"Too much data…not enough data...the data isn't relevant…or the crowning, 'Does anybody even look at this report?'"
Ed Michel, reliability manager and Frito-Lay corporate subject matter expert on CMMS (computerized maintenance management systems), began his presentation at this week's meeting for users of Invensys Operations Management's Avantis and Wonderware software reviewing all the reasons that many CMMS implementations fail to reveal opportunities for efficiency gains.
It is easy, he noted, to think that more data is better. But the integrity of the data is really the controlling factor. "Data integrity is foundational for analysis," he said. "At first we just tried to collect as much data as we could. We realized that regardless of the CMMS, there is a human input and process execution that must occur to get meaningful data." Otherwise, what may look like good data really is not.
At Frito-Lay, they started out by taking the "more is better" approach, developing scorecards down to transactional activity by date, by shift, by time and by occurrence. "We transitioned to 'Leading Indicators' and instead of giving maintenance people a scorecard on which they expected to be graded, we gave them a dashboard so they could be in control," Michel said.
Because it is a dashboard, it can grow and change, he noted. "Are we getting the most out of our CMMS based on the data we collect? No, of course not," he said. "But it is a process. As we continue to drive downtime to 4.0%, we will need to rely more on our information systems to identify trends. How do we gauge our efficiency and not just downtime?"
Michel showed a typical dashboard, and how it can be used for in-depth analysis. For example, there was an indicator labeled "% Generic." This is the data descriptor people enter into work orders when they don't know what the part is, or don't want to go look it up, according to Michel. This entry makes the data useless, so keeping a tally on the number of times it is used allows Michel to make a judgment on how effectively someone is using the CMMS. Each of the metrics in the dashboard is rated, from Traditional to Standard to Advanced and finally to World Class. "You can see on the dashboard how your results stack up."
Taming Excess Inventory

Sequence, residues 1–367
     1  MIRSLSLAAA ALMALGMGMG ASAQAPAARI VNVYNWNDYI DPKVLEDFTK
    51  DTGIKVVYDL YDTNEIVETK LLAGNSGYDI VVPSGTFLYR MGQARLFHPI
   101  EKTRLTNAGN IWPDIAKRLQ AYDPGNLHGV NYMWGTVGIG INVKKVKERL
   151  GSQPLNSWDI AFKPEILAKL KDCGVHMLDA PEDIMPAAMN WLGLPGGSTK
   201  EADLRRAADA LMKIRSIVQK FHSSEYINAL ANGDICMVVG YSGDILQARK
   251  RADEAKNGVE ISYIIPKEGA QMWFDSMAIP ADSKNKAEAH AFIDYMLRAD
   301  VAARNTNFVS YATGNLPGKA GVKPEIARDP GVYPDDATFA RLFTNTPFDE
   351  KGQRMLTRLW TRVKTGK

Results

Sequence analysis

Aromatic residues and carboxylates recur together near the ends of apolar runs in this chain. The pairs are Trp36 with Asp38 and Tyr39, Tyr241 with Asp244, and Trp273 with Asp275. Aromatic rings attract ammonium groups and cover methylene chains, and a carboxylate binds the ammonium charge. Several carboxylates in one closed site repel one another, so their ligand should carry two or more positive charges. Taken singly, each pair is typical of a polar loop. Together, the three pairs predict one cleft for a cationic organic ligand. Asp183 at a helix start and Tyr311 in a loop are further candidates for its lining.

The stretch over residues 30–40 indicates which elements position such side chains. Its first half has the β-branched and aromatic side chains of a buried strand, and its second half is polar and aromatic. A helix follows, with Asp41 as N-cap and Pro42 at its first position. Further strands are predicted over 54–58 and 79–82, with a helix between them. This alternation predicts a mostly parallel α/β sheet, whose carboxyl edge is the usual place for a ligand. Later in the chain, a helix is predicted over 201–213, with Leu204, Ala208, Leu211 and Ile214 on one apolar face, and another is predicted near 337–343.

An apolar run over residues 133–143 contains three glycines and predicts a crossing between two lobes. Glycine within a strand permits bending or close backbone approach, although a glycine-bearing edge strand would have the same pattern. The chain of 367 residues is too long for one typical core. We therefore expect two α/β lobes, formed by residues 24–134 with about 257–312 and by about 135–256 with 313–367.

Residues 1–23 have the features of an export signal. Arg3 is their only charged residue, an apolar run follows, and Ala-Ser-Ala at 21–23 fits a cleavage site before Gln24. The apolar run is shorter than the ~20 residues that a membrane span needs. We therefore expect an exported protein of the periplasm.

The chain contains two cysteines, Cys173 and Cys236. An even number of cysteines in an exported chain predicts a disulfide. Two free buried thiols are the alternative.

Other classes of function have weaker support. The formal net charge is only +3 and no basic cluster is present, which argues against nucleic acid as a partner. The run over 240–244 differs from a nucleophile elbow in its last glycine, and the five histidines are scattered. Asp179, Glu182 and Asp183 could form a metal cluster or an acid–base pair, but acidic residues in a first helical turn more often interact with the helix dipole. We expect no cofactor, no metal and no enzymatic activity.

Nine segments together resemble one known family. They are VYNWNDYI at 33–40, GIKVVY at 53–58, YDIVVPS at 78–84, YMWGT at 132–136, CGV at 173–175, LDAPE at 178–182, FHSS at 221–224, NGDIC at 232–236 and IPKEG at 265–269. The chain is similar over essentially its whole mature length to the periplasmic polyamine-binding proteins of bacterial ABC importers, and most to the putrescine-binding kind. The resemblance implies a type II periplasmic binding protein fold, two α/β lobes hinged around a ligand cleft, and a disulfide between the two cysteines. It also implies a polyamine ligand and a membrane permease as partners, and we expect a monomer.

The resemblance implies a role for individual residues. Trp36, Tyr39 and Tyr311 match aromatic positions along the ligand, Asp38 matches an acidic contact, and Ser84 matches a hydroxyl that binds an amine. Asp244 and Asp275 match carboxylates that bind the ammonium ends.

Over the years, many sites' inventory levels have grown, Michel continued. New capital means new spares, and replenishment points have not been optimized to take account changing needs. Obsolete inventory at one site may not be obsolete at another. "And as our reliability performance improved, the need for inventory has gone down," Michel said.
To translate reduced inventory requirements into savings, Frito-Lay developed an inventory analysis tool that takes into consideration usage, lead-time, and replenishment method to suggest new set points for replenishment. The company also was able to provide electronic visibility into surplus inventory at other sites, preferentially transferring existing surplus stock in favor of requisitioning new parts. This methodology totaled some $3 million in annual savings, a number they were able to increase by $1.1 million simply by facilitating "mass moves" of surplus inventory (rather than individual transfers) to sites where those particular SKUs were still needed.
The next step for Frito-Lay in its CMMS journey was to deploy the Avantis Decision Support System, Avantis.DSS, for end-user analysis. It has allowed Frito-Lay to stop exporting data to Excel spreadsheets and Crystal Reports and allows end users to set up their own web-based key performance indicator (KPI) dashboards without signing into Avantis itself. A large selection of standard maintenance, inventory and purchasing KPIs is built over a separate information data warehouse to minimize performance impact on the Avantis database itself.
But the effective use of Avantis.DSS relates first to the integrity of the CMMS data, Michel stressed. "Above all, data integrity begins and ends with work processes."